Published: 03 October 2013

University appoints Professor Peter Hydon as Head of Mathematics

Professor Peter Hydon recently took up the reins of Surrey’s Department of Mathematics.

With over 15 years’ experience at Surrey – having joined the University as a Lecturer in 1996 – Professor Hydon has a strong vision for the Department of Mathematics, and a number of goals in his sights.

“Surrey is an excellent place for mathematicians; we have people who are world-class in their fields, working in a friendly and cooperative environment,” says Professor Hydon. “However, we don’t have a long history of eminence. As we are now well-known internationally, one of my priorities will be to increase our engagement nationally, in line with our peers. In particular, I would like Surrey to organise more events for the UK maths and theoretical physics communities, and to be fully involved with the relevant national bodies.”

Professor Hydon believes that a distinctive feature of Surrey’s Department of Mathematics is that its work often crosses boundaries – between pure and applied mathematics, or between mathematics and another subject. “Our applied mathematicians have found it immensely valuable to talk with people from other disciplines, through initiatives such as MILES (Models and Mathematics in Life and Social Sciences). Interdisciplinary research is not easy, but it has been an area of spectacular growth for us over the last few years.”

This interdisciplinary theme extends to teaching, with undergraduate programmes such as Mathematics with Music and Financial Mathematics. A new joint programme with Economics is also being developed this year.

The Department of Mathematics is highly rated for student satisfaction: in the National Student Survey, it has achieved an average of 93 per cent over the past three years and 97 per cent in the latest survey. Professional Training placements are a major component of students’ experience at Surrey, and Professor Hydon will be aiming to build further links with industry in order to expand placement opportunities. “Students are increasingly aware of the importance of work experience as they enter the job market,” he says. “As well as improving their employability, students who have had professional placements often do very well in the final year of their degree programmes.”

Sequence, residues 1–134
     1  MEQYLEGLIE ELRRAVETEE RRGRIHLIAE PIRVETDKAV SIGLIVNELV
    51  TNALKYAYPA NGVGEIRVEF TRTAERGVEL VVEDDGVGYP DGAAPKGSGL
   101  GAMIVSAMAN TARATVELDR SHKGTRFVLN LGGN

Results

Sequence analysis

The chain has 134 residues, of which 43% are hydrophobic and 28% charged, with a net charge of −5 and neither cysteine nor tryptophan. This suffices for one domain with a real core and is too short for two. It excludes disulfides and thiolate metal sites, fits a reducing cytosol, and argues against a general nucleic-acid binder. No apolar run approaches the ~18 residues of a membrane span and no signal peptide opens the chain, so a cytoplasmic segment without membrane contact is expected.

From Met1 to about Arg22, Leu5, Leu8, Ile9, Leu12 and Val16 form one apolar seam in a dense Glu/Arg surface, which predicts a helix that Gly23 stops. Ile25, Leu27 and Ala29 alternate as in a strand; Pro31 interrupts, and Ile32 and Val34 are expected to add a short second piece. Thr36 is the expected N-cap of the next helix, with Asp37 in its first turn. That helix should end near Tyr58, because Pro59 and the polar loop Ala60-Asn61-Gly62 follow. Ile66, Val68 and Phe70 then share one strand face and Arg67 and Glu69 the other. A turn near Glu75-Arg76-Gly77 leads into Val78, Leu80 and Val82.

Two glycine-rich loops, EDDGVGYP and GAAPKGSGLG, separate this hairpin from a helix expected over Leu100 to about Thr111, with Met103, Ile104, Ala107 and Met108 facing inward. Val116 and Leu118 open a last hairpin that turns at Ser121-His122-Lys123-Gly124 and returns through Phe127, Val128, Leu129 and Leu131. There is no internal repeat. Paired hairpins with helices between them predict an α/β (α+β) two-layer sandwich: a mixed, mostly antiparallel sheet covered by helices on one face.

Professor Hydon’s own career in mathematics began as a mature student at the University of Bath. He thinks that his previous experience – working with youth groups and in the hospitality industry – has been a surprisingly good preparation for his subsequent career. Having taken a BSc in Mathematics at Bath, he went on to study for a PhD at the University of Cambridge. After three years’ postdoctoral work at the University of Leeds, he spent two years in a research post at the University of Northumbria before coming to Surrey.

Professor Hydon’s main area of research uses geometrical features such as symmetry to understand and simplify differential equations and their discrete counterparts (difference equations).  He is the author of ‘Symmetry Methods for Differential Equations: A Beginner’s Guide’, a popular introductory text on the subject. He is also known for his work on mathematical physiology, which uses mathematical models to describe the flow and transport of fluids in the human body.

Share what you've read?